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Treasure Hunt for Poetry

Directions:
Sit with a partner and treasure hunt for poetic lines or
words in these picture and non-fiction books. Write them
down on this sheet. Next, choose one line from your
selection, write and illustrate it on a bookmark- be sure to
include the title and author of the book.

My Poetic Lines:

1.

2.

3.

4.

5.

6.

Write the line on this bookmark and illustrate it as you see fit. Then, cut the bookmark out place it
in your poetry folder.

Cracking-Open Words
An important part of writing poetry is being able to “crack open” overused and
abstract words and sentences, such as: “It was a nice day” or “She was very
nice” and find the proper image inside. In this center, you can experiment
with an important part of revision- cracking-open words, phrases, and
sentences to find more accurate and vivid images inside.

Directions:
None of the sentences below give us a picture in
ourminds using words. Next to each sentence describe and
write what you see in your own mind. Close your eyes and
see what images appear in your mind. Then, repaint the
sentences using your own images and words.
Example: It was a nice day. = The bright sun, appearing
from behind Mt. Skye, cut diamonds across the blue lake.

1. It was a nice day.


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2. We had a lot of fun.


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3. The flowers were beautiful and colorful.


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4. She was a good person.


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5. The cat was cute.


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The Music of Words
Words have different personalities and qualities according to their sounds.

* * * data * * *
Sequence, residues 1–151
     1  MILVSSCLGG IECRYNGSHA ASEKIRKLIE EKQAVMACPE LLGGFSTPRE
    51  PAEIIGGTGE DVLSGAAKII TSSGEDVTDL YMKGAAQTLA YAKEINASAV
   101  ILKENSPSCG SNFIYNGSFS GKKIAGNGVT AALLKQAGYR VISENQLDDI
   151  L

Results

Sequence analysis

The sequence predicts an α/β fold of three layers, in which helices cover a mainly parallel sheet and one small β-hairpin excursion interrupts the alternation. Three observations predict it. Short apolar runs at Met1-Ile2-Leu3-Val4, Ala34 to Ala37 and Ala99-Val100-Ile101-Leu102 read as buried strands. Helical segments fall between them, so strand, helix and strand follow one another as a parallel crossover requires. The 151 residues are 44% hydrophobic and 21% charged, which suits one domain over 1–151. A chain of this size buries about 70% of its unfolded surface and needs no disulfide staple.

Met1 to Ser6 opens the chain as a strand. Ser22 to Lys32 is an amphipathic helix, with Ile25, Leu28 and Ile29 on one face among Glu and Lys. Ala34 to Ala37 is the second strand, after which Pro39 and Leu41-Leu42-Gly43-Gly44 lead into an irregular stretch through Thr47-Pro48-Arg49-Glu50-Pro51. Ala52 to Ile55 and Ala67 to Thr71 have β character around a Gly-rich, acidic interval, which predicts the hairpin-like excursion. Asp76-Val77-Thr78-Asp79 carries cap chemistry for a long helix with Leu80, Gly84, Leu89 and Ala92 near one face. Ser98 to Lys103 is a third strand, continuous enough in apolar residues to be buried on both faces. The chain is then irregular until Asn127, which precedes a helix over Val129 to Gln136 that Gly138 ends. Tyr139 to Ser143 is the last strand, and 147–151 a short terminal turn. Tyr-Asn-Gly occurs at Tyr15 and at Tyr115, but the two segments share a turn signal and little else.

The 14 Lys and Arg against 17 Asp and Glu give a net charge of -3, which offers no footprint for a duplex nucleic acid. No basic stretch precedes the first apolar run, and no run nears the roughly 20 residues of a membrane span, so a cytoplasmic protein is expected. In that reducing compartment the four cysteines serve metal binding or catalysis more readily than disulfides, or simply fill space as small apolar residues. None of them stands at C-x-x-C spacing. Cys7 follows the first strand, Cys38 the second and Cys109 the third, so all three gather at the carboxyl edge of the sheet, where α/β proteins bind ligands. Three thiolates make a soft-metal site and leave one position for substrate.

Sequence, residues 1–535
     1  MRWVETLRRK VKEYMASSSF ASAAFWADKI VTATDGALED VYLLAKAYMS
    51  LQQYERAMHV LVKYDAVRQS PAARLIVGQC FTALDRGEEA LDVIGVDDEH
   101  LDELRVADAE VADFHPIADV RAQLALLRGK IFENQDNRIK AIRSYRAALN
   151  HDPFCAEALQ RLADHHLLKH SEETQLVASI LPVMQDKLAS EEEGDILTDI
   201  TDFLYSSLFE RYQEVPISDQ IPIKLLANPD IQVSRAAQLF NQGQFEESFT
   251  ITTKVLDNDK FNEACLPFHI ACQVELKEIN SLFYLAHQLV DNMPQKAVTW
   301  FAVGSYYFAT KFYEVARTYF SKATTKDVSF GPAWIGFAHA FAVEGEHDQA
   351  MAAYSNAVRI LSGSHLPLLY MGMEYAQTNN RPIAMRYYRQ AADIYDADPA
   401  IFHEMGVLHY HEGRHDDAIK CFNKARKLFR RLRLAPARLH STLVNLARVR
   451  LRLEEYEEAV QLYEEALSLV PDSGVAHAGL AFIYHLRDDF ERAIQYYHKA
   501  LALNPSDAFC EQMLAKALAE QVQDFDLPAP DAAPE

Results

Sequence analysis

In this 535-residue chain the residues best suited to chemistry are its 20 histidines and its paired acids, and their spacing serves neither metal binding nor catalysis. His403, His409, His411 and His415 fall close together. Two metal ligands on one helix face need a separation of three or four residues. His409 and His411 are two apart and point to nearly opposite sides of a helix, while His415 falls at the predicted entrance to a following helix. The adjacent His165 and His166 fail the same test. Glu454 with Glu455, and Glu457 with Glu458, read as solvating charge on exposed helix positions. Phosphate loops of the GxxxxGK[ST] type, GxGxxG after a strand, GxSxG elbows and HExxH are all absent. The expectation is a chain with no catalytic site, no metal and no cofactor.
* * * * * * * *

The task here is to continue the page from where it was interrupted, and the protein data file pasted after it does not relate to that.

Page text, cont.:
Poets write by considering the meaning and sounds of their words.

Directions:
Think about the sounds of words. Find at least five
words that sound smooth, bumpy, and sharp (five in each
column!). For example, a word that sounds smooth is ice; a
bumpy word is hippopotamus because it has many small
syllables that make your mouth move; and a sharp word is
kite because the consonants are sharp.

SMOOTH BUMPY SHARP

Listening Center
Directions:
Listen to a few of the poems on the CD from Poetry
Speaks to Children. You may read along with the book. As
you listen, jot down the poems you enjoy listening to. Then
choose a favorite line, image, or poem and when you are
finished listening to the poems, use a piece of blank paper
to illustrate the images you saw in your mind. Be sure to
label the illustration with the title and author of the poem.

My Favorite poems:
1.

2.

3.

4.

Illustration Center

Directions:
Choose a poem from the included packet. (If you did
the Listening Center activity, you must choose a different
poem for this activity.) Does the poem create a picture or
pictures in your mind? Illustrate the image you see or, if
you see several images divide the poem up and create a
picture book. Either you can create your own picture book
or you may illustrate a single page for one poem.

When you illustrate the poem, please leave room to


include the actual poem. You may type up the poem and
shrink it down or you may handwrite it on the sheet.
Revision Center
Directions:
Read the poem below. I’ve added and changed
endings on words, changed the line-breaks, and made it
look and sound like a paragraph in a story. Revise the
poem as if it were your own- cut out extra words or endings
and rearrange the line-breaks. Make two revised versions.
When you are done, see Miss Mulhern when you are done
to read the original.

Poem:

I was standing at my window and all day I saw across the way, on

someone’s windowsill, a geranium which looked like it was glowing

red bright- it looked like a tiny traffic light faraway.